On Thursday morning, François Bausch announced the approximate dlaunch date for free public transport to the parliamentary commission on mobility and public works.
The major announcement was that the government will introduce free public transport within the first three months of 2020. Bausch will announce the exact date on 21 January.
The reason the exact date has not yet been announced is that the ministry needs to work on clarity concerning free public transport and ensure that it does not have to reimburse a multitude of travel passes, according to RTL's sources.
The current phase of discussions consists of negotiations with various authorities such as the Ministry of Home Affairs and Syvicol (the trade union for municipalities), particularly concerning financing of the initiative.
As the second coalition government aims to focus on continuity in all things mobility, the government is hoping to improve the quality of transport and adapt it to people's needs alongside making it free.
The new government has resolved to improve and introduce a variety of new measures to that end, such as extending transport infrastructures. Despite the general support of free public transport, the CSV remained sceptical about its implementation.
At the parliamentary commission meeting, CSV MP Marc Lies had a number of questions, highlighting that those living around Luxembourg City would benefit far more than the rest of the country. He also queried what would happen with the 1st and 2nd class system on the trains, and whether cross-border workers will only have to pay until the border or for their entire journeys.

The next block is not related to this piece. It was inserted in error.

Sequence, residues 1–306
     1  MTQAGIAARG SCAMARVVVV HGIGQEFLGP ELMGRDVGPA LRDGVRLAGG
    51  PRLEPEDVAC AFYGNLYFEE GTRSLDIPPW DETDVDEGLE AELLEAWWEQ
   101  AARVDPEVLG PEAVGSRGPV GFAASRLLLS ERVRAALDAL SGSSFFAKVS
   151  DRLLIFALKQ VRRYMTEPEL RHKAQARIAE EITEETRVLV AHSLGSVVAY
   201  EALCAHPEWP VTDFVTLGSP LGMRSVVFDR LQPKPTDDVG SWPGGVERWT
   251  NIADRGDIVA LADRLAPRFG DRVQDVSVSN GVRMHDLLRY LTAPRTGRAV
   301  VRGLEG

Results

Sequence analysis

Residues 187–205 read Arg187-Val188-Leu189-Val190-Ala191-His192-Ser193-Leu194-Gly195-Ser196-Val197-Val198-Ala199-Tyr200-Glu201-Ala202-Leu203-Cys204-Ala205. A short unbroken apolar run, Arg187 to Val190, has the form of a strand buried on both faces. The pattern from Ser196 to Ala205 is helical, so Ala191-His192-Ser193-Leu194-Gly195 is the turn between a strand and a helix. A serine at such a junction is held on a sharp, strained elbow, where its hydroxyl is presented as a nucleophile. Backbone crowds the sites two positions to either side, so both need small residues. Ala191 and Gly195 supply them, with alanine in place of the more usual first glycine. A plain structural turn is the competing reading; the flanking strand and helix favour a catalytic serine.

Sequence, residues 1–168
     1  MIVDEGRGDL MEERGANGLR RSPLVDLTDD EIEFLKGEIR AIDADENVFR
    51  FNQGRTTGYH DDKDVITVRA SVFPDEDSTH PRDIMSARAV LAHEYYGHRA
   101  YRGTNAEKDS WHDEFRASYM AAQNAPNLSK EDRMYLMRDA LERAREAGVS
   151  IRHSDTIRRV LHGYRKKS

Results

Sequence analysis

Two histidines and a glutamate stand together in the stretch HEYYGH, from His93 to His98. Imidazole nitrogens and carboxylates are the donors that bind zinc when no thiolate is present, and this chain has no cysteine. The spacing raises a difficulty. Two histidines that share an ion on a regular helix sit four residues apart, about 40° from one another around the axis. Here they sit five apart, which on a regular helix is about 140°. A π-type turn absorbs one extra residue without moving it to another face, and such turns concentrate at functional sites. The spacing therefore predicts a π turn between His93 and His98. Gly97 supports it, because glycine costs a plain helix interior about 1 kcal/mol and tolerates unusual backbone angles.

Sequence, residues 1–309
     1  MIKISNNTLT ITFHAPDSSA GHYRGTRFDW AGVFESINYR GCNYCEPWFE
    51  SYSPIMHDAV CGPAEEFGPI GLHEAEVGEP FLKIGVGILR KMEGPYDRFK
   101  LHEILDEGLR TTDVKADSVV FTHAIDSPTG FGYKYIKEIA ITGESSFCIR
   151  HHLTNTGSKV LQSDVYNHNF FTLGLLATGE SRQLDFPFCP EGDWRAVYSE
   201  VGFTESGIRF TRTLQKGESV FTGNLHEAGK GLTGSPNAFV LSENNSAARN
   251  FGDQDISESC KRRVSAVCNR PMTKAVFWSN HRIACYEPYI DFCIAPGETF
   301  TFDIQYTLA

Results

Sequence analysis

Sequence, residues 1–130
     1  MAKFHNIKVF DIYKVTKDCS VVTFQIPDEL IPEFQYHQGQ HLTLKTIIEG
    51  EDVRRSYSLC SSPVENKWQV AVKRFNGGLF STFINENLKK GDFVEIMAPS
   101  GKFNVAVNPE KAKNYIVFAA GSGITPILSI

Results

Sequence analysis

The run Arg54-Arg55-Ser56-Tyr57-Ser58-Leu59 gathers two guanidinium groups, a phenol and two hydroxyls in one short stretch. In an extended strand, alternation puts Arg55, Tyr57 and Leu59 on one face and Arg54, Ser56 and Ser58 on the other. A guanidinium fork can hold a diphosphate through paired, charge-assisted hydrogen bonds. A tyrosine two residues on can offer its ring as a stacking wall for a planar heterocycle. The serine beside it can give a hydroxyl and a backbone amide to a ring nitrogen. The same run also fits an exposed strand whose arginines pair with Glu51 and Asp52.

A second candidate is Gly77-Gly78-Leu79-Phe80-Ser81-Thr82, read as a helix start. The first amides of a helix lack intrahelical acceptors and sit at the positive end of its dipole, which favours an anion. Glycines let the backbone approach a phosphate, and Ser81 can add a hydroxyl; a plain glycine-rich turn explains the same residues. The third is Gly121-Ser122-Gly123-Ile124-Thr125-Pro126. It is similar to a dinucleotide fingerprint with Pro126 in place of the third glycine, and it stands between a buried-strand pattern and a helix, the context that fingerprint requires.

© Pierre Weimerskirch (RTL)
A further point of discussion on Thursday morning was how municipalities could be involved in developing public transport. According to Dudelange mayor Dan Biancalana, this discussion should be resolved with the Ministry of Home Affairs.
Also on the agenda was the so-called average speed camera. In the autumn, a pilot phase will take place over the course of two to three months on the N11 near Waldhaff. The Pirate Party members expressed their disagreement with such speed cameras, citing a breach against data protection.
Bausch rebuked this suggestion, claiming that the average speed cameras would be like a normal speed camera, the only difference being it examines the car's speed over a stretch of the road. Data would only be saved in the case of an infraction.
As there was much on the agenda and the topic of public works was not addressed, Minister Bausch will meet the commission again in two weeks.